General Conditions for Sellers x General Conditions for Buyers – Form Battle
With the permanent need for swifter solutions for issues that commonly arise in the business world, companies developed standard clauses to regulate matters that are the subject of their commercial relations of buying and selling products and/or services. Thus, instead of discussing in each new business deal what will be the warranty period offered for a certain product, what are the rules in the event of non-payment of the price, what is the liability between the parties, what is the applicable law, etc., companies concluded that it would be much simpler if their commercial and legal conditions were previously defined, thereby saving time and money.
With this focus, it became common for companies to send their general conditions attached to proposals, quotes and invoices, so that such conditions were considered valid for that deal, without the need for discussion of the contract.
The fact is that if, on the one hand, the seller/supplier defined their sales conditions in a standardised manner, buyers also decided to simplify their lives and created their own standardised conditions for purchasing products and/or services.
Accordingly, it frequently happens that, in the same legal transaction, the seller attaches its “General Terms and Conditions of Sale” to its proposals and/or invoices, while the buyer attaches its “General Terms and Conditions of Purchase” to its orders.
It is at this moment that the doubt arises as to which should prevail: the General Terms and Conditions of the Seller or the General Terms and Conditions of the Buyer?
Battle of The Forms
The so-called Battle of the Forms is the dispute between the Terms and Conditions (T&C) or standard clauses of different parties to the same commercial contract. This battle occurs in business-to-business (B2B) commercial relationships, especially in cases where both business partners present their respective T&C as being the rules applicable to that business relationship, and the T&C of each party have divergent and/or contradictory points with the T&C of the other party. And even if the T&C of one party establishes its prevalence over any other documents pertaining to that contractual relationship, the situation is complicated when the other party’s T&C also establishes its prevalence over other documents.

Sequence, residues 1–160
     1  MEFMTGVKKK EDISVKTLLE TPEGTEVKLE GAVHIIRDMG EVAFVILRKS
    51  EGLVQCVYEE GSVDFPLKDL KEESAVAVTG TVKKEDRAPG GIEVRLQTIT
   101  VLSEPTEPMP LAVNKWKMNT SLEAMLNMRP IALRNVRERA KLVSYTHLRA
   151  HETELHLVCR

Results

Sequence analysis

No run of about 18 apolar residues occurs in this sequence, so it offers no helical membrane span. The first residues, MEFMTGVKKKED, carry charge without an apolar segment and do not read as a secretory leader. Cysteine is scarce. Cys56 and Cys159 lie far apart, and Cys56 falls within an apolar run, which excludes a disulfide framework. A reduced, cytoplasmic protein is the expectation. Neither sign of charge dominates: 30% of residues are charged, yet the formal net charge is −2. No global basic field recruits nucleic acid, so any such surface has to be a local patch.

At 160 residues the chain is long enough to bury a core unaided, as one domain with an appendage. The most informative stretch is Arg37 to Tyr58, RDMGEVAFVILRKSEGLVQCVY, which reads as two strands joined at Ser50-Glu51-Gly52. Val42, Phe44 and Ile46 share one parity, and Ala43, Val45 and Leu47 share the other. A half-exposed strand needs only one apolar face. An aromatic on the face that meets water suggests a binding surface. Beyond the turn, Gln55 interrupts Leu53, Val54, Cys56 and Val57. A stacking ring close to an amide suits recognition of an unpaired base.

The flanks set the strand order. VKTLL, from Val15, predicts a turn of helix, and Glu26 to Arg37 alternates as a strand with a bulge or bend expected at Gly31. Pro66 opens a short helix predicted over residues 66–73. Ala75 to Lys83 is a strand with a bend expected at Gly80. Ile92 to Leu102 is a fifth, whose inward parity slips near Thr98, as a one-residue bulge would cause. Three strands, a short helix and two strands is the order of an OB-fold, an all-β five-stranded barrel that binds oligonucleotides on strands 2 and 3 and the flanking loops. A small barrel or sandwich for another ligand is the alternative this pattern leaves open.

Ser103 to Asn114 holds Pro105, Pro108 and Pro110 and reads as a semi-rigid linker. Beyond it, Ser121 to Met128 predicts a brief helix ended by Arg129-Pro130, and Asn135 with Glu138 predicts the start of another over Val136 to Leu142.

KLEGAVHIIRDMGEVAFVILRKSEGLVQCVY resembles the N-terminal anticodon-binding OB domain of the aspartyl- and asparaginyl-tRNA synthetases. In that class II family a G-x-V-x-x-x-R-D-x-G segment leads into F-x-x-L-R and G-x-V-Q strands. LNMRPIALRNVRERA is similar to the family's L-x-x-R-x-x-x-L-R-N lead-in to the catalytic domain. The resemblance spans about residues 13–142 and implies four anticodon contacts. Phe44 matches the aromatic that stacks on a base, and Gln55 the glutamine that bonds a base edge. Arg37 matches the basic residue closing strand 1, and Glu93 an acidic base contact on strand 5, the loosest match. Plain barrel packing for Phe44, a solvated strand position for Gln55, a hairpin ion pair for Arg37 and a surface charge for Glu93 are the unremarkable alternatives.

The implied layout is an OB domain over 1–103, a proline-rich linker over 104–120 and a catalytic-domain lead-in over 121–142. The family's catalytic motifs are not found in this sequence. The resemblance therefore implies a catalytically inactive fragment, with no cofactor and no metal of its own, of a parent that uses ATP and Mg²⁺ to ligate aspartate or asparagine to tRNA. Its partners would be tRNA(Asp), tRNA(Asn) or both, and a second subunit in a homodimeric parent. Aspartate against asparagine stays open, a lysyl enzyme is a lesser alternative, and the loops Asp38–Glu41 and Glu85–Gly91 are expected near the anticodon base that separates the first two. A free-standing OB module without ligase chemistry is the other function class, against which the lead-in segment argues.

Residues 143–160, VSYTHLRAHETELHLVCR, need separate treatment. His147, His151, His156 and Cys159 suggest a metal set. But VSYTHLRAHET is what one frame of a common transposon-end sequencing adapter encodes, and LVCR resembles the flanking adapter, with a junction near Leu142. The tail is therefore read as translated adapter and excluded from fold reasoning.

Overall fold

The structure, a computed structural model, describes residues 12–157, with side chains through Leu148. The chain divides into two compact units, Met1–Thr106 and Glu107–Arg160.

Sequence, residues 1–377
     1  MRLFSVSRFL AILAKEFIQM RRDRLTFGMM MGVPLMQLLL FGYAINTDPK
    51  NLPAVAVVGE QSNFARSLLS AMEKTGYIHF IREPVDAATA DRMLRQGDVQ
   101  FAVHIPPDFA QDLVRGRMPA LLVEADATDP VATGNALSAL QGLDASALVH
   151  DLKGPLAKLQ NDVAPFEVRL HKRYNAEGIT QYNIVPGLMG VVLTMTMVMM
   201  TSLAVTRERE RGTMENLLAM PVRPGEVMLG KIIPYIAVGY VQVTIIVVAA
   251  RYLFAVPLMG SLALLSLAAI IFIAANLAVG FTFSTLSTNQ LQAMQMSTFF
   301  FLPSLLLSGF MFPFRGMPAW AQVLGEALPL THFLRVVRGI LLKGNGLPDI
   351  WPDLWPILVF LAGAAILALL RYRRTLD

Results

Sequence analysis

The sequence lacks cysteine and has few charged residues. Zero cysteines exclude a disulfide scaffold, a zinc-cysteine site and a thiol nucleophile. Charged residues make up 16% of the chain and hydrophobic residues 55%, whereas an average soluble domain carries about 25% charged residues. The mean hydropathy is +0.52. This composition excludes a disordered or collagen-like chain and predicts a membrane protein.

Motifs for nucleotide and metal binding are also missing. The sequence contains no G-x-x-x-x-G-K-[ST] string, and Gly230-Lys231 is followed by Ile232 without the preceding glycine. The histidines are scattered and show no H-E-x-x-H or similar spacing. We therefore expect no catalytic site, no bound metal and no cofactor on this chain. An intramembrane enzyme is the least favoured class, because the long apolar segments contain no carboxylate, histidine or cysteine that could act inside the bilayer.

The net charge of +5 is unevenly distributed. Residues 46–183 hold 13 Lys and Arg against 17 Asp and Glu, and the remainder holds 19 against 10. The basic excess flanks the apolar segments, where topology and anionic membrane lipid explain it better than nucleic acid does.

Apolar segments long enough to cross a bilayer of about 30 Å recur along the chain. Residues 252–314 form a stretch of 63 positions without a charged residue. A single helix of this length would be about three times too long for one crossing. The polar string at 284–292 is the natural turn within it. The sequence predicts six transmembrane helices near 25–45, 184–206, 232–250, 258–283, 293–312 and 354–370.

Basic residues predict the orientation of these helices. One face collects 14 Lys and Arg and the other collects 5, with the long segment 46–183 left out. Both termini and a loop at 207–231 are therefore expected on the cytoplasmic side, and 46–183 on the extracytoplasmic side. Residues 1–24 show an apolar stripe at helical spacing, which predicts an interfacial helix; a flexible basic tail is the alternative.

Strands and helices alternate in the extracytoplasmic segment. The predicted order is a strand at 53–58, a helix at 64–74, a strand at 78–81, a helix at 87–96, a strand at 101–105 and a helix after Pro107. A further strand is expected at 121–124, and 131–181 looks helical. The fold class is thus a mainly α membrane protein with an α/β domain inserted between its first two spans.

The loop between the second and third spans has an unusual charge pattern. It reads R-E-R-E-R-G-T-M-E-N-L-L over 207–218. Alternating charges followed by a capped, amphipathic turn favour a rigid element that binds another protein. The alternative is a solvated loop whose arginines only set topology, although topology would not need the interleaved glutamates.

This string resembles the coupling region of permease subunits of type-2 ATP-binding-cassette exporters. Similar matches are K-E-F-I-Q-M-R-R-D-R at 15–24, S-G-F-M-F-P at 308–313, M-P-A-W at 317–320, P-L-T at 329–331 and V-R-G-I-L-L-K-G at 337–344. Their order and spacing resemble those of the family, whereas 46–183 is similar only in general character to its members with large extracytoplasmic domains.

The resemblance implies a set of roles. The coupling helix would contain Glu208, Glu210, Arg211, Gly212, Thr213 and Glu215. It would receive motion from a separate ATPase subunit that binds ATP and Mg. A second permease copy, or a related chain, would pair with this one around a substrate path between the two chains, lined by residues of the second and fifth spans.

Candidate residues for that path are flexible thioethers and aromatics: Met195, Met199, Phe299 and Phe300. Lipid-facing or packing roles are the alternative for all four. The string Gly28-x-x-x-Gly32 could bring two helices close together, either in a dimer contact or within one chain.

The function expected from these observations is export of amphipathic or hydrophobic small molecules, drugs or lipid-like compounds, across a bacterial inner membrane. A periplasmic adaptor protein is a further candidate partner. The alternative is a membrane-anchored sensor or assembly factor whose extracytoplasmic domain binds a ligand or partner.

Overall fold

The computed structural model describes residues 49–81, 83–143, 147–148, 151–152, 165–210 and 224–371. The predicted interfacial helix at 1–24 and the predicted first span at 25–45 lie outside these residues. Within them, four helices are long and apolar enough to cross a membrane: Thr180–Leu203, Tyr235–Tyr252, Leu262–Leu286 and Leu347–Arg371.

Currently, there exist several solutions to this Battle of Forms, which are determined mainly by the country where they will be applied. In the United States, for example, there is the UCC (Uniform Commercial Code), which provides its own rules for the solution of this battle. In addition, there are two solutions that are internationally considered the best for resolving the impasse. These are the “last-shot rule” and the “knock-out rule”.
The “last-shot rule” holds that the T&C that will prevail are those that were last sent to the other party, taking into consideration the chronological line of negotiations, and that were accepted by such other party (even if only tacitly).
Also according to this rule, as long as there are partial T&C acceptances, for example, with suggestions for modifications, we are still at the stage of counterproposals. Thus, the contract will only be formalised when there is acceptance, without any changes, of the last T&C sent by either of the parties.
The “knock-out rule” establishes that, in the case of divergent or contradictory rules between the T&C submitted, they end up “knocking each other out”, i.e. excluding each other. In such event, as a loophole arises, the excluded terms would be replaced by the provisions of the United Nations Convention on Contracts for the International Sale of Goods (CISG) or the applicable legislation.
Battle of The Forms in Brazil
If there is a dispute in Brazil involving a company domiciled in Brazil and another domiciled abroad, there is no express provision regarding the battle of forms in Brazilian law, but the Civil Code contains a rule regarding the formation of contracts, stating that, once accepted, the proposal acquires the force of a contract, but if the acceptance of a proposal occurs after the deadline, or with additions, restrictions or modifications, this will be understood as a counterproposal (or new proposal).
So if, for example, a seller sends its T&C in a proposal and the buyer sends its own T&C on placing the order, there is a risk that the buyer’s T&C will take precedence, if the seller has not made any subsequent disclaimers.
With a view to avoiding the risk of divergent interpretations and legal uncertainty, the ideal solution is for the parties to seek, at the time of the preliminary negotiation of the business relationship, solutions for the application of their T&C, if they find that they conflict with each other. In this respect, the parties may, for example, make mutual concessions or negotiate specific conditions or contracts for that particular transaction, thereby facilitating the resolution of any future conflict.
Even though the T&C developed by companies aim precisely to avoid long and wearisome negotiations, the fact is that the existence of mutually contradictory T&C in the same transaction may lead to undesired conflicts. Accordingly, a dialogue conducted in good faith between the parties during the negotiations is essential to make it clear what each party expects from the other, clarifying possible controversial points and thus minimising the risks of any disputes.
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